Of course, any change to an online format raises new questions in relation to the digital divide. Pre-existing differences in technological access were exacerbated during the pandemic, with many pupils reported to be lacking the proper resources to access the internet. In a January 2021 report by the Sutton Trust, 52 per cent of teachers ‘cited a faster rollout of laptops as the single most helpful intervention to help disadvantaged pupils’ during school closures. When volunteer tuition moved online last year, a disproportionate number of disadvantaged students, simply because they lacked the technology, would not have been able to access it.
However, the situation has since improved, and the Department for Education has supplied 1.3 million devices to disadvantaged students as of May. This isn’t to suggest that problems with unequal technological access are a thing of the past, but there have clearly been improvements as a result of the pandemic. Whether these improvements continue depends on the continued prioritisation of digital access for education after things return to normal.
Right now, at least, we should be encouraged by the fact that more students than ever before have the resources to access online tuition. It should also be remembered that access to in-person tuition led by student volunteers is limited to pupils in university towns. In this respect, tutoring conducted online has the clear potential to reach students regardless of location and be more widely accessible.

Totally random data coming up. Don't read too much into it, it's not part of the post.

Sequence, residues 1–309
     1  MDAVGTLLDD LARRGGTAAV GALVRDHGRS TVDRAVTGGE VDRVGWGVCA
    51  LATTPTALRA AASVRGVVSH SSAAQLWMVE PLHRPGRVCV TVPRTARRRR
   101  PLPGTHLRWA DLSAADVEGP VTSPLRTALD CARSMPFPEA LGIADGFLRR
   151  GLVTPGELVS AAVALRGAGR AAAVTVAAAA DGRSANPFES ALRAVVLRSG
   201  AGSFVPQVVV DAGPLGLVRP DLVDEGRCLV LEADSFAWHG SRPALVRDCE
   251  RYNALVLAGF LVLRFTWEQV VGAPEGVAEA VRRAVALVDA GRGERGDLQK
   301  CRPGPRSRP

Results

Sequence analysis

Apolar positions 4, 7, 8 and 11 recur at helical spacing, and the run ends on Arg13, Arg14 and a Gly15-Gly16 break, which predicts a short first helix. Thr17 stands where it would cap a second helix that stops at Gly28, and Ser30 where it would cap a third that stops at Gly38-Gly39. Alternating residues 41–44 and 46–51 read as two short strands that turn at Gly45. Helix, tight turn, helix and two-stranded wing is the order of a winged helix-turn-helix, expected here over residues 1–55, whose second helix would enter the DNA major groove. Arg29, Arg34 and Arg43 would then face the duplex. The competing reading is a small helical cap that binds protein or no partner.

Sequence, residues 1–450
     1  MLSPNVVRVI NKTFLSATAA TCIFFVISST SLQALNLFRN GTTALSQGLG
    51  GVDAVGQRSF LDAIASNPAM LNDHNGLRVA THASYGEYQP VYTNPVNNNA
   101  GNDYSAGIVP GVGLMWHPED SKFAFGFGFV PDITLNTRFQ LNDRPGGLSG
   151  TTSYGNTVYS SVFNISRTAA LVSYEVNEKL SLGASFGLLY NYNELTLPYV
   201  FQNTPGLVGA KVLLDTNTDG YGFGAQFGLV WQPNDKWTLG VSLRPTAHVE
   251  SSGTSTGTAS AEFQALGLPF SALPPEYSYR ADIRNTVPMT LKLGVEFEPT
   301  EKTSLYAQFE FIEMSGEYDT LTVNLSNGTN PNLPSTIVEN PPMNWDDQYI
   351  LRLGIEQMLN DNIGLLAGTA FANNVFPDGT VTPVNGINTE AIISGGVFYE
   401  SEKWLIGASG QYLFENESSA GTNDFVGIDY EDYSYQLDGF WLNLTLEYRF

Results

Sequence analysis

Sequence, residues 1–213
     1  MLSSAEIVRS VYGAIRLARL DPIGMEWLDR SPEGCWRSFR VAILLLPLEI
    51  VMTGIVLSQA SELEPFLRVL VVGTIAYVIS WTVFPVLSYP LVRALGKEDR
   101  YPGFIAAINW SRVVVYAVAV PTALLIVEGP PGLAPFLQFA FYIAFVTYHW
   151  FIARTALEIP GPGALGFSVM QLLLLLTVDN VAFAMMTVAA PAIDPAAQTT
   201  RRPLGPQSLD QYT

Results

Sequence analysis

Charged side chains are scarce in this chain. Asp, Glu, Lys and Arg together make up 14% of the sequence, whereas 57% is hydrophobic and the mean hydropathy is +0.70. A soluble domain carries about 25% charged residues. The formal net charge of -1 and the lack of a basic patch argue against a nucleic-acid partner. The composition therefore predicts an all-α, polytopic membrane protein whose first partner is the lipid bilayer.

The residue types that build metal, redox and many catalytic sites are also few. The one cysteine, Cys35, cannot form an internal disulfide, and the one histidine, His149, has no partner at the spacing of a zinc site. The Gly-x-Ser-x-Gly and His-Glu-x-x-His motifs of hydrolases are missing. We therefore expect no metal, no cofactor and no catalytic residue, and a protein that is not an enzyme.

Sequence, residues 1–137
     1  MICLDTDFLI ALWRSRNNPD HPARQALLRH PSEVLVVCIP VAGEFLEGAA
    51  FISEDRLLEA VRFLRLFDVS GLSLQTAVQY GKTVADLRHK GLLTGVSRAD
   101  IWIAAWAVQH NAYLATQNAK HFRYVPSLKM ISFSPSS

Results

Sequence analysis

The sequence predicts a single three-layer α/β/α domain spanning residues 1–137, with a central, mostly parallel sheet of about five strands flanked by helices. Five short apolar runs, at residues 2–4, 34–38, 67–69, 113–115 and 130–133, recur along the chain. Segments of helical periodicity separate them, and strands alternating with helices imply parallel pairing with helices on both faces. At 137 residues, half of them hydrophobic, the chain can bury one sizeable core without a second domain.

The Government have recognised the vital role professional tutoring could play in helping education recover from the pandemic, but policymakers in universities, schools and government must also pay attention to the newfound potential of student-led volunteer tuition. An online format leads to more impactful tutoring and has a wider potential reach. The pandemic has shown that many students are interested in volunteering as tutors. The task – and opportunity – for educational initiatives and policymakers is to maintain and find more formal ways of capitalising on this increase in volunteers, so that more students can access beneficial free tuition. Keeping an online format as the norm is an important first step.